I’ve had the “Who’s your favorite Beastie?” discussion many times with many people, and the general consensus always seems to wind up being all of them. But if you break it down, you do it a little like the Beatles—and Yauch was the George Harrison of the Beasties. Maybe you wanted to date Ad-Rock and party with Mike D, but MCA is the one you wanted to get deep with. He’s the one you wanted to philosophize about life with over a nice vegan dinner. He’s the one you wanted to talk to about art and New York and basketball and Buddhism. MCA, what up?
Two big things happened in my musical world in 1989: The Cure released Disintegration, and the Beastie Boys put out Paul’s Boutique. I have never listened to two records more than I did those over the next few years. 23 years later, they are both in my top five all-time favorite albums. The Beastie Boys never have never had a low point, but they have had a high—and that was it. Paul’s Boutique moved the bar for progressive, innovative rap music so high that I don’t think anyone can ever top it. Even Miles Davis called it the greatest album ever made. By anyone. Ever.
Even though there’s no video, I have to include the “B-Boy Bouillabaisse” here. It’s the greatest 12 minutes in the entire history of hip hop. MCA has the coolest part, of course—the “Year and a Day” section that kicks in at the 3-minute mark.
If the Cure were the soundtrack of my teenage isolation and anger, and Morrissey is the soundtrack of my adult disappointment with life, the Beastie Boys are the ongoing soundtrack to friendship, fun, and good times. They’re the sound of skate parks, hair dye, cool sneakers and cute boys. The Beastie Boys made me want to move to Brooklyn.
When I grieve over the loss of a person like MCA—someone I didn’t know—what I’m really grieving on a personal level is the recognition of lost eras of my life. Friendships that went by the wayside, people I did know who have passed on, and the realization that I’ll probably never feel that way about a group or artist that I might discover as an adult.
Adam Yauch was bigger than just the music, though, and over the next few days there will be lots of tributes to him and the other work he did (creating the Free Tibet Music Festival, directing tons of videos for the Beasties, making a movie about high school basketball players, and so on). This is just about me, really, and about losing another one of my musical heroes and another slice of my personal soundtrack. My heart goes out to Yauch’s wife and daughter, as well as to Adam Horovitz and Michael Diamond, who I know must be feeling the loss of their brother in a heavy, heavy way.
Here are a few of my favorite Beastie Boys moments out of so many. And all of these videos were directed by MCA, of course…Nathanial Hörnblowér, Adam Yauch from Brooklyn, Yauch with his fisheye lens, Yauch with his close-ups and his hoodie and his gravely voice and his beard like a billy goat.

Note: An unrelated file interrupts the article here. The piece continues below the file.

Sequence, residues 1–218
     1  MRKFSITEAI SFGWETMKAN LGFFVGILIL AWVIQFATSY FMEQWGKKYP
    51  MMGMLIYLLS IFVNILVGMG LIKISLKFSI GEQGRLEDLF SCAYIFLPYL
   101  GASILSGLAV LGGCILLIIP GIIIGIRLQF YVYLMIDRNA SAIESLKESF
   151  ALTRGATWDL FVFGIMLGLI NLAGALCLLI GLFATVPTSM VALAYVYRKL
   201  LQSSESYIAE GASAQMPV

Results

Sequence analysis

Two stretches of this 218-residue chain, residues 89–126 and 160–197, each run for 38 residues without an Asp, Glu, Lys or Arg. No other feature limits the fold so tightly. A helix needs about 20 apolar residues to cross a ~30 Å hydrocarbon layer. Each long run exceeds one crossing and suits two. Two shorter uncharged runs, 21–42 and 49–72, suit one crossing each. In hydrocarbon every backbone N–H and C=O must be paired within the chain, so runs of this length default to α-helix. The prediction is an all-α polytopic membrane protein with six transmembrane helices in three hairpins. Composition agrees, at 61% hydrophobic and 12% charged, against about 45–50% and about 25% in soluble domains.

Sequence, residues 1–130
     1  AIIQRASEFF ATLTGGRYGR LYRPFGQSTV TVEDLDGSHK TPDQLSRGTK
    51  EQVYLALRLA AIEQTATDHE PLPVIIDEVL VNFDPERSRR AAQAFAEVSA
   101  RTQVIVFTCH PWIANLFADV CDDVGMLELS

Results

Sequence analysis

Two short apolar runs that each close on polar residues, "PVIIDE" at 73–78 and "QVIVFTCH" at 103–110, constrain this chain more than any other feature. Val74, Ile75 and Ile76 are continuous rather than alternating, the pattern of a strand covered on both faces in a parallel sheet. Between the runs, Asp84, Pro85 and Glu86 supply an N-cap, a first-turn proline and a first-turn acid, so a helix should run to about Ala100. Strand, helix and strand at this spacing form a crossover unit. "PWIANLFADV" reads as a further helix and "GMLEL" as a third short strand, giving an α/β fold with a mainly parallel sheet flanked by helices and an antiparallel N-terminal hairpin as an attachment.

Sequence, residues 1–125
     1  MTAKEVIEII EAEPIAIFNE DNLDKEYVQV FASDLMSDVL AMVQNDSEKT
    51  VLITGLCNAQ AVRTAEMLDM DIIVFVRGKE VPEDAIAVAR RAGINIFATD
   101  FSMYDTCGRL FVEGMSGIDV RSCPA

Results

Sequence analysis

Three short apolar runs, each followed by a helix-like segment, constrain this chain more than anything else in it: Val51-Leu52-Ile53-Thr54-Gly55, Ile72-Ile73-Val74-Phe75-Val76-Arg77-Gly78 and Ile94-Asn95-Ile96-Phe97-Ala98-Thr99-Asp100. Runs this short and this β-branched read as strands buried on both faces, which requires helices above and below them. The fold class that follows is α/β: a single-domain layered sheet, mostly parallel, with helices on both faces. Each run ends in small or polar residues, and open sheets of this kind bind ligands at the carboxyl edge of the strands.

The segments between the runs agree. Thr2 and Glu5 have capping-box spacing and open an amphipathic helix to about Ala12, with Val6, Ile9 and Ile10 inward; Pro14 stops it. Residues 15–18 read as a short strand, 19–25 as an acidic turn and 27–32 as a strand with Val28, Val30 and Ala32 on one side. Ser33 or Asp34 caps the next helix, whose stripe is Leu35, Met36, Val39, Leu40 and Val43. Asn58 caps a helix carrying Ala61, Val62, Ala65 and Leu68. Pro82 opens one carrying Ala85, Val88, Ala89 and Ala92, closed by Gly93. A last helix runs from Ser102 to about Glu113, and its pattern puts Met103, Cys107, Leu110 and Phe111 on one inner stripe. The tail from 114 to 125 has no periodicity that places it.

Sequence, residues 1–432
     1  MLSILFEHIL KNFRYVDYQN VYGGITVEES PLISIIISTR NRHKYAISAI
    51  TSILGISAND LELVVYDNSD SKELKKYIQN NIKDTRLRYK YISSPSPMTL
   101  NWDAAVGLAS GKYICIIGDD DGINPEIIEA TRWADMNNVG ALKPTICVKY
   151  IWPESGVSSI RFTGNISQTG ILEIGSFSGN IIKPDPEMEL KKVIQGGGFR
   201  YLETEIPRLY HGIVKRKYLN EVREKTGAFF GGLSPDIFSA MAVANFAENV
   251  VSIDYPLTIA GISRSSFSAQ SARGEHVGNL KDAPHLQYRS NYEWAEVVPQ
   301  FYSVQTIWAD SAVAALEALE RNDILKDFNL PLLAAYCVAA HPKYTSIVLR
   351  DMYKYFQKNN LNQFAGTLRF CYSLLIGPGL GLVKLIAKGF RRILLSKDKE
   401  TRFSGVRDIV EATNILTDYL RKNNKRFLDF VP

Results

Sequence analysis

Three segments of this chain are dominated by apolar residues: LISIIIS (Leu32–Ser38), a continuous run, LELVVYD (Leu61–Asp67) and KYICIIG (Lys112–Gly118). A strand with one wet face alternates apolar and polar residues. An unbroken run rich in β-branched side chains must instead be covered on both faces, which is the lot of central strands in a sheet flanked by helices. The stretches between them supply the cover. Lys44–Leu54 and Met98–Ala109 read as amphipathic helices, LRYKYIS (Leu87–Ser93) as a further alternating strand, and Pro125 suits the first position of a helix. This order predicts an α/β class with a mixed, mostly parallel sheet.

I love this video essay that Richard Cruz put together assembling some of Spike Lee’s best dolly shot moments. Spike is definitely one of my all-time favorite filmmakers, and I’m one of those people who gets really excited when he busts out the dolly shots. I know he gets some criticism for overusing them, but I think that mainly comes from people within the film industry who have an awareness of how these shots are achieved technically. As a non-film industry moviegoer, however, I love the surreal, dreamy feeling these shots impart on his movies—and this montage makes me want to have a Spike Lee film festival in my living room this weekend.
I’ve had a lot of design projects in the works lately, and I thought I’d share a couple of favorites that I just finished up in the past week.
About a year ago, I convinced my friend, musician and composer Roger O’Donnell, to let me work on a complete overhaul of his website. Roger had been designing and maintaining his personal site (as well as the sites for numerous side projects he’s worked on) for many years, so it was with a bit of trepidation that I made the suggestion in the first place, but Roger was completely on board. It took a long time to migrate all of those years of content from a static site (there were literally hundreds of pages all nestled inside of directories within directories—I told him it was like discovering a giant box filled with filing cabinets inside of an enormous closet you never knew was in your house) to a WordPress-based format, and it’s still a bit of a work in progress, but I’m happy that Roger now has a website he can add news items to easily and keep up to date with information about all of his various projects.
Right on the heels of the website launch last month, Roger asked me if I’d design a poster for his collaboration with musician Adam Donen, which was to be a secular Requiem. I said of course (of course!), and the result is something I’m very happy with. Poster design is really still kind of an area of unknowns for me, but I’m finding that I really like thinking about how the eye moves and how the brain processes information when something is presented on a wall rather than on a table or shelf like a book would be.
I’d previously worked with Roger on two other design projects, the first being the packaging for Nothing Concrete, a CD sampler his label released in 2005, and then last year a poster for a performance of his Hockney-inspired work, Quieter Trees. I’ve known Roger for nearly 15 years now—the duration of my entire career as a designer—and it means so much to me to be able to work with someone whose own work I believe in and care about so much.